One of the most frequently asked question asked is, “How come Hitler?” Looking back, from our perspective, it does seem a puzzle. Some of that is answered by as anti-Semitic as Germany was, it’s not like he ran on a, “let’s exterminate the Jews,” platform from the start. Another answer refers to how Nazism’s excesses, or the public’s awareness of them, came on slowly, the old “first they came for the…” and slow to boil frog analogies seem quite fitting here. Add to this how inspiring, upbeat, Hitler was. He did lift Germany up economically. He did fix infrastructure, build new roads, get big industry back on what eventually became fascistic feet. Who was impressed? Well. the British prime minister at the time was so impressed, when he visited, he proudly took away a signed portrait. Underneath all this the frog, of course, was getting hotter and hotter.
Unmentioned, however, is one of the most likely, most powerful, and very scary, explanations. Looked at uncritically, yet logically, it simply made sense economically. I’ll leave the more current comparisons; then the finger pointing, the inevitable framing, to my readers.
You have to look back at the nightmare that was the 1930s: a worldwide depression. Compared to post WWI Germany the rest of the world’s economic picture may have seemed slightly more rosy. Franklin Roosevelt winning was a bit of an anomaly if you only consider policy. In a time when businesses were dying, unemployment horribly high and Wall Street beyond panic, the idea of holding the “royalists” feet to the fire must have seemed counter intuitive. Spending a lot of money on public works programs certainly must have seemed like tossing good money at make work programs, and over taxing a public already in distress: just the opposite of what the situation required.
Whereas National Socialism, which offers a hand in hand, big business friendly, approach would seem quite attractive: more business therefore more jobs from the private sector.
Never you mind who was pushing it. That’s hindsight. A lot of his excesses were yet to be revealed. Like supporters assaulting someone who dares question the almighty Trump, just gloss over, or shrug at, the Brownshirt-like bullies beating on people. Just remember the fact that Hitler sucked Germany in with his upbeat approach at first. There were no,”let’s experiment on those with infirmities until they die horrible deaths,” slogans.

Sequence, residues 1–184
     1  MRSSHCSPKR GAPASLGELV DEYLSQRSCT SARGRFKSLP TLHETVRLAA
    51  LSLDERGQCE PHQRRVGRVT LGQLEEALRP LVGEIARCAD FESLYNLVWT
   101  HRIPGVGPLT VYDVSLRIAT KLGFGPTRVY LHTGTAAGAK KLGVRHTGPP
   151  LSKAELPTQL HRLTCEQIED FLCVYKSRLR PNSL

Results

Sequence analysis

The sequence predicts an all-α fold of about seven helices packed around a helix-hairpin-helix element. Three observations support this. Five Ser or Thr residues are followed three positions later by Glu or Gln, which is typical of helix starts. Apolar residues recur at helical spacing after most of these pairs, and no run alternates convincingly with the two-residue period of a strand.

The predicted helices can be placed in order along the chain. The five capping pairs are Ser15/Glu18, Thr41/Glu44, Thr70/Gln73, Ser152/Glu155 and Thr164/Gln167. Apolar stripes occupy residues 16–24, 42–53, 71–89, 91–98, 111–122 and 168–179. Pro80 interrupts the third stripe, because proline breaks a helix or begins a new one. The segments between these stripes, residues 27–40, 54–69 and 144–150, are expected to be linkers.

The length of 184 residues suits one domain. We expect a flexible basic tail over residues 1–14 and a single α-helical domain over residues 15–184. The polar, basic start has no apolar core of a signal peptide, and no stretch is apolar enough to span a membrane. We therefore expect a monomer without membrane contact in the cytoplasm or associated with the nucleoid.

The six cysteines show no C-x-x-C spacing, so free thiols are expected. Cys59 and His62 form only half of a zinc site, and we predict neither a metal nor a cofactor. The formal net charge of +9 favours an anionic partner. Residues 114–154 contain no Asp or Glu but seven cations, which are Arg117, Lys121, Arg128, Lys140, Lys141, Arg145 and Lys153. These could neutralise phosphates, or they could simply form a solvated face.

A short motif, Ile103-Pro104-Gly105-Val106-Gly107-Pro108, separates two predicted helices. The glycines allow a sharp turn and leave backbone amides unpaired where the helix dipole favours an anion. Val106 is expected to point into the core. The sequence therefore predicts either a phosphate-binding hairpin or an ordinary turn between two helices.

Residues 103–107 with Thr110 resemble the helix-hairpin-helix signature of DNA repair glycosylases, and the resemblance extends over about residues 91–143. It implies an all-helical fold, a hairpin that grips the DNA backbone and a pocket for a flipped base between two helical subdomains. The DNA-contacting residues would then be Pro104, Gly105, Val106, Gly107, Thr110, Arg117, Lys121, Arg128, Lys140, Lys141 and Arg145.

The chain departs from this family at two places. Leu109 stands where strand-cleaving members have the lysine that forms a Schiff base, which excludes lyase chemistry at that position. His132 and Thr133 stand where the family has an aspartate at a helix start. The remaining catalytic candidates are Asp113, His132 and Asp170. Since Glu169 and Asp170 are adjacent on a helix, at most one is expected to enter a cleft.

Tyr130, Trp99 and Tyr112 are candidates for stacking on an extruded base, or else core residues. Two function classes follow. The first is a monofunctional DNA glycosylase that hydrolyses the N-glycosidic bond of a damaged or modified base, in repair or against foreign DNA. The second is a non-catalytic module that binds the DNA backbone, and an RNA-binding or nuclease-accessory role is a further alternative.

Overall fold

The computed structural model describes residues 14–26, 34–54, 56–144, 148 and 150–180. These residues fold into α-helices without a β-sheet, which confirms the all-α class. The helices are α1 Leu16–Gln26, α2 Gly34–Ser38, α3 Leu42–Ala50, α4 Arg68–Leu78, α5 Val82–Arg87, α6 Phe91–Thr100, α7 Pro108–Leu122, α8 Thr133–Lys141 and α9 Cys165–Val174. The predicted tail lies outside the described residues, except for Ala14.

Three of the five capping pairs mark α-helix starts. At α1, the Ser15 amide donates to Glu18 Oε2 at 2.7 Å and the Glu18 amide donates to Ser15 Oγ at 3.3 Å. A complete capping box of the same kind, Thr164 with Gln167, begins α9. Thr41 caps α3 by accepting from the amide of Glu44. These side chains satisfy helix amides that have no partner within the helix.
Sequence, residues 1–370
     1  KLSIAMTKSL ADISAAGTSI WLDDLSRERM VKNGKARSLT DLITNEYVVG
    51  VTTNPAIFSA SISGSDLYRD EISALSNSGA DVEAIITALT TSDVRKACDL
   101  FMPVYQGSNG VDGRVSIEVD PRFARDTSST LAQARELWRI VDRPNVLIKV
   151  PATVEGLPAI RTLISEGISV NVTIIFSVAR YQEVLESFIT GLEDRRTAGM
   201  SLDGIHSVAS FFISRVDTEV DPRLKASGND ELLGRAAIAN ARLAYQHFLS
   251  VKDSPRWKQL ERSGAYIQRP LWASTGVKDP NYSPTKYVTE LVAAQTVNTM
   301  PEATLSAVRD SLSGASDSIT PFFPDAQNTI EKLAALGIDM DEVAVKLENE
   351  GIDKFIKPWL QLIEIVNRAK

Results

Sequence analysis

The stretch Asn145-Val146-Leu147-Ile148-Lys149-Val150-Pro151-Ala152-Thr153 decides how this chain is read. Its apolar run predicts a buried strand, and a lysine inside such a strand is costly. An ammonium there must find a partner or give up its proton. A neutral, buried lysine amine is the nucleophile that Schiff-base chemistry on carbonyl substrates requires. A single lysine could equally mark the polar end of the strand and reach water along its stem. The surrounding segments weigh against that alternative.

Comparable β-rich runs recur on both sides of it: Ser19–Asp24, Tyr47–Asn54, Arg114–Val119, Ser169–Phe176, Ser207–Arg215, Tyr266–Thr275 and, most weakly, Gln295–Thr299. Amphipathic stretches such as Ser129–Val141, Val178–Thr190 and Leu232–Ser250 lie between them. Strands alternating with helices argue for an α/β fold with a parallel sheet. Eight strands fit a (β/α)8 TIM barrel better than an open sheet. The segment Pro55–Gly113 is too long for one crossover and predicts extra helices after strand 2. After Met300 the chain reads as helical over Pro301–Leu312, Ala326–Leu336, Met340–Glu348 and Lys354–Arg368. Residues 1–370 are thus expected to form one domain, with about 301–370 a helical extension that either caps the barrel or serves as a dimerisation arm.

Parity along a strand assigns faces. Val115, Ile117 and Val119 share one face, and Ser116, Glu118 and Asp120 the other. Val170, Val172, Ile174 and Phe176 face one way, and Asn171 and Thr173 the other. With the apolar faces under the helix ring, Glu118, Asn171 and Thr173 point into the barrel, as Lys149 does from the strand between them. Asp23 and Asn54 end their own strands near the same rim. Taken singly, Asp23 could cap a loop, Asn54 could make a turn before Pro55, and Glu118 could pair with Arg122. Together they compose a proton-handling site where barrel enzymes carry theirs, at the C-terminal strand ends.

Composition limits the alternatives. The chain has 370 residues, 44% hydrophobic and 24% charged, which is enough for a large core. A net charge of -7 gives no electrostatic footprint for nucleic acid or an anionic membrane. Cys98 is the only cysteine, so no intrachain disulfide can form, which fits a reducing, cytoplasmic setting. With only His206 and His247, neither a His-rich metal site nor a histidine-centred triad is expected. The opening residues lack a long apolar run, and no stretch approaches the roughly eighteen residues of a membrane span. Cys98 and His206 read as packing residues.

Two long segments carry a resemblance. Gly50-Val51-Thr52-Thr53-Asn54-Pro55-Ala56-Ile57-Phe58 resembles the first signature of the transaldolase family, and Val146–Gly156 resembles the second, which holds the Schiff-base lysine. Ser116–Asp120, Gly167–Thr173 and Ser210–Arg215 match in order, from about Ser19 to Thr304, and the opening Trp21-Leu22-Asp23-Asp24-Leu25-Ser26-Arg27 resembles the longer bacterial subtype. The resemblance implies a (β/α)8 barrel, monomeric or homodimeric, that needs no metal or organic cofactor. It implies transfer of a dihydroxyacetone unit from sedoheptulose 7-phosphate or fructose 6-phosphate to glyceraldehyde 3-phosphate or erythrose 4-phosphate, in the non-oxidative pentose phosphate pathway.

Helping to propel this: hate and blame. The Jews, those who were a “burden,” immigrants, the gays, Germans framed as unpatriotic; not really “true” Germans, they were to all to blame for the not so fine mess Germany was in. Hating them, getting rid of them, not letting them in, was legitimized. The economic hell that was Germany had become a nation-sized, nitroglycerin volatile, ammunition dump, hate the gasoline poured, politicians, like Hitler, were matches.
Meanwhile, back in America, there have been many predictions of economic hell coming soon, maybe as soon as this year. I tend to be skeptical. I find doomsayers tend to have almost the same poor record for accuracy as those who predict when Jesus will return riding his mythical Puff the Magic Dragon-like dinosaur.
But if they’re right, if the timing is just right, this could be the year we choose between a more Roosevelt-like direction, or more Hitler.
Inspection is a column that has been written by Ken Carman for over 40 years. Inspection is dedicated to looking at odd angles, under all the rocks and into the unseen cracks and crevasses that constitute the issues and philosophical constructs of our day: places few think, or even dare, to venture.
Ken Carman and Cartenual Productions
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